This is odd as we’ve been seeing floods of indigo and cape mays here in 
Brooklyn. In Greenwood Cemetery two days ago/ it felt like five or more in 
every other tree. This morning had indigo buntings in cadman plaza, which is in 
downtown Brooklyn.


Please excuse my brevity.  Sent from my iPhone

> On May 12, 2020, at 7:52 PM, David Nicosia <> wrote:
> All, 
> This spring season is the slowest evolving migration season that I can 
> remember in a long time in Broome Co. (20 years at least). I basically am 
> seeing the same warbler species that I had May 2-3: Black-throated blues, 
> greens, blackburnian, ovenbird, nashville, northern and louisiana 
> waterthrush, black and white, palm, prairie, yellow-rumped, blue-winged, 
> yellow, chestnut-sided, northern parula and american redstarts.  These 
> species arrived between May 1-5 and are still around and in most cases really 
> good numbers I am happy to say. Many of them are on their breeding grounds 
> now too.  Yesterday, May 11th, I had 102 species of birds in  Broome County 
> with no new neotropical migrants which is crazy! I also had 102 species on 
> May 3rd many of the same species!
> Still lacking (or very scarce) in Broome Co. are: cape may, bay-breasted, 
> tennessee, hooded, magnolia, canada, wilson's, mourning and of course 
> blackpoll warblers. I still am not seeing very many indigo buntings yet, just 
> a few here and there. I have yet to get a scarlet tanager although there are 
> a few reports here and there in Broome co. Also lacking or very scarce are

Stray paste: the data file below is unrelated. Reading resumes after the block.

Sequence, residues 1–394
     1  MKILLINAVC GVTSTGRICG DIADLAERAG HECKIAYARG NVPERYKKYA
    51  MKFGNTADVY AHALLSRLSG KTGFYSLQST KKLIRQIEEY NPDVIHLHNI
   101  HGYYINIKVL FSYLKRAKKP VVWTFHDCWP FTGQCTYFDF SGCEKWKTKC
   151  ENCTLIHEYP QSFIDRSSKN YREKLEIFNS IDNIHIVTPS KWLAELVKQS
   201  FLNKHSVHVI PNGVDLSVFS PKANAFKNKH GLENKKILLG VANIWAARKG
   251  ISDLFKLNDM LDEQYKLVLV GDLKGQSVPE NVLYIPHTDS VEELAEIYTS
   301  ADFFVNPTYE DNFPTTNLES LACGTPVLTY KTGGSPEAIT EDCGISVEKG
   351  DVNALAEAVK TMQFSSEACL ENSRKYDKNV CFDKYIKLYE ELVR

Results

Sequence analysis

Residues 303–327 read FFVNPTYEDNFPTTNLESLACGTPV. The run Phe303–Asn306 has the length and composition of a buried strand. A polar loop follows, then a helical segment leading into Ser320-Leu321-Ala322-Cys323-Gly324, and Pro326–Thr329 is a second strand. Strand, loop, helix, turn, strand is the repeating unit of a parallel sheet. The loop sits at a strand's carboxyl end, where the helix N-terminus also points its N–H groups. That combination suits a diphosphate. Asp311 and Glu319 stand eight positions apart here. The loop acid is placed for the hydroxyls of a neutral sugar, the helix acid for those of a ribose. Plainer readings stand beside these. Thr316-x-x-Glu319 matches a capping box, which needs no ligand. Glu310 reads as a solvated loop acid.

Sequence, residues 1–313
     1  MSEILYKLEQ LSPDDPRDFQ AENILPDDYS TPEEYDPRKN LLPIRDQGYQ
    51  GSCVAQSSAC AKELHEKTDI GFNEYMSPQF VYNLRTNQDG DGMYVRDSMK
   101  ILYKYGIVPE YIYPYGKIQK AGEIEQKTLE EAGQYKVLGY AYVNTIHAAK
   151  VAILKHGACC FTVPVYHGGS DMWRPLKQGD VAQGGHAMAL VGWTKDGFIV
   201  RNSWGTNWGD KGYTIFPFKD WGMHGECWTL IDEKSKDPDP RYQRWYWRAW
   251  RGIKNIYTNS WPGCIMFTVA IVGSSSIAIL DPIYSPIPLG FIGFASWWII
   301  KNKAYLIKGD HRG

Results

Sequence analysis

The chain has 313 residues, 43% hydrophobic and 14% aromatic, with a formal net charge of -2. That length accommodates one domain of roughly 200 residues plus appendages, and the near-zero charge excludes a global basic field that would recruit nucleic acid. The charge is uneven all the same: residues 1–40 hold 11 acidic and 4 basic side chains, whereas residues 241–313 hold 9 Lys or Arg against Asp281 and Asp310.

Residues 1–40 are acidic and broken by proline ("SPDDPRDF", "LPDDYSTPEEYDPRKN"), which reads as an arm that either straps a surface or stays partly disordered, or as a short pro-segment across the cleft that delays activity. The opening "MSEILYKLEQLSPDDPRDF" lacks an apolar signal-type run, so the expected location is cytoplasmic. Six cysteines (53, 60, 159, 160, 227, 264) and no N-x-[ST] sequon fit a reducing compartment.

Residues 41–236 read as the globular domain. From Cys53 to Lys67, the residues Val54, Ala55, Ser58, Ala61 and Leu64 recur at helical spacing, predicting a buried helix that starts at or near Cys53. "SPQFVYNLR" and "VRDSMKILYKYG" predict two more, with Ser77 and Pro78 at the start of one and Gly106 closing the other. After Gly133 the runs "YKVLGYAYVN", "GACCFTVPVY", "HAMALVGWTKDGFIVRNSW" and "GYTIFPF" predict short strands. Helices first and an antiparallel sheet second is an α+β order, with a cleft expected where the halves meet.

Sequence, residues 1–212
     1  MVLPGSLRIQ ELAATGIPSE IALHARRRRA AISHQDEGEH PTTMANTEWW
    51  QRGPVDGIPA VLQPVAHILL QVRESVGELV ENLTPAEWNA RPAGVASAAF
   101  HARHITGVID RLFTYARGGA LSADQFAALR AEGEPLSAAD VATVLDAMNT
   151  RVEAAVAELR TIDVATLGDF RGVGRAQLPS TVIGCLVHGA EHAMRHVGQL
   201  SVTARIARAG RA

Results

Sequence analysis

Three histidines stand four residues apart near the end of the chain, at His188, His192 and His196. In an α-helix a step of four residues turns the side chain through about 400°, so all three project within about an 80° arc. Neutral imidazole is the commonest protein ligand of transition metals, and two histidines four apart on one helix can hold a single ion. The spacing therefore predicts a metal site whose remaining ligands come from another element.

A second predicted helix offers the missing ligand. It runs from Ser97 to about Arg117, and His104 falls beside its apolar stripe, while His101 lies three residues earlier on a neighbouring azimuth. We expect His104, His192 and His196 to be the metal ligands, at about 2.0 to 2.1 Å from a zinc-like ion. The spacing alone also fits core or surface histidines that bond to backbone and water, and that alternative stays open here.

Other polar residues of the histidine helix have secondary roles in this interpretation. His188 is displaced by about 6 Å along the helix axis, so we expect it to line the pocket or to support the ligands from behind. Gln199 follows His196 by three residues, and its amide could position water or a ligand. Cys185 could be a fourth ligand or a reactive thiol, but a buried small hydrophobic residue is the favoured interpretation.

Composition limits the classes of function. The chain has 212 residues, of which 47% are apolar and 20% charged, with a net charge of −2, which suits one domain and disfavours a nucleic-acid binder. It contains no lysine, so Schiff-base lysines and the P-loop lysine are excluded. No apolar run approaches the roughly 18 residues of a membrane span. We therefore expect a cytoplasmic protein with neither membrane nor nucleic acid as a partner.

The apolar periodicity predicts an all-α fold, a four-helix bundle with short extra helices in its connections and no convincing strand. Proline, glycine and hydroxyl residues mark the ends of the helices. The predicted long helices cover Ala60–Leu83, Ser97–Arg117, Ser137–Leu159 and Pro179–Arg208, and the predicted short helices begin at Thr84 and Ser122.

> red-eyed vireos. I have yet to get one with a few reports trickling in 
> sporadically from others. On the other hand, blue-headed vireos are very 
> common this year in Broome Co. Is it because they are not be drowned out by 
> the red-eyed vireo's incessant singing? 
> I have been off since May 2nd on my annual birding vacation and its like the 
> "groundhog day" of birding: same species different day. But it has been a lot 
> of fun with such great species that we have! I have seen and really enjoyed 
> blackburnian, black-throated blues and greens, prairie and others numerous 
> times with great views. I can't complain about that! Today I had a close 
> encounter with a blackburnian warbler. The bird was foraging fairly low in a 
> norway spruce tree at Greenwood Park in Broome co. I was very still and the 
> bird came within about 6 feet of me. It was neat watching the warbler, naked 
> eye, forage and finding small insects to eat on a windy and bitter cold day. 
> It was 38F with winds gusting to 25 mph at least. The bird was also singing 
> occasionally and didn't seem to care about the brutally cold conditions. With 
> the lack of leaves on the trees, I have gotten spectacular views of many of 
> these warbler species which often is not the case as leaves unfold fast in 
> more normal Mays. 
> After today May 12th, conditions in upstate NY are going to change. Warmer 
> weather is on the way and yes we are going to see southerly winds especially 
> Wednesday night and Thursday night and a few days next week. I think migrants 
> are going to arrive fast and furious so expect a very active period from May 
> 14-21 and even beyond for our beloved neotropical migrants. I have noticed 
> that our shorebird species are arriving pretty much on-time and not really 
> affected by the cold May. In any event, the next week to 10 days, I predict 
> is going to be a lot of fun. I hope you can get out and enjoy the finest time 
> of the year!!
> Best,
> Dave Nicosia 
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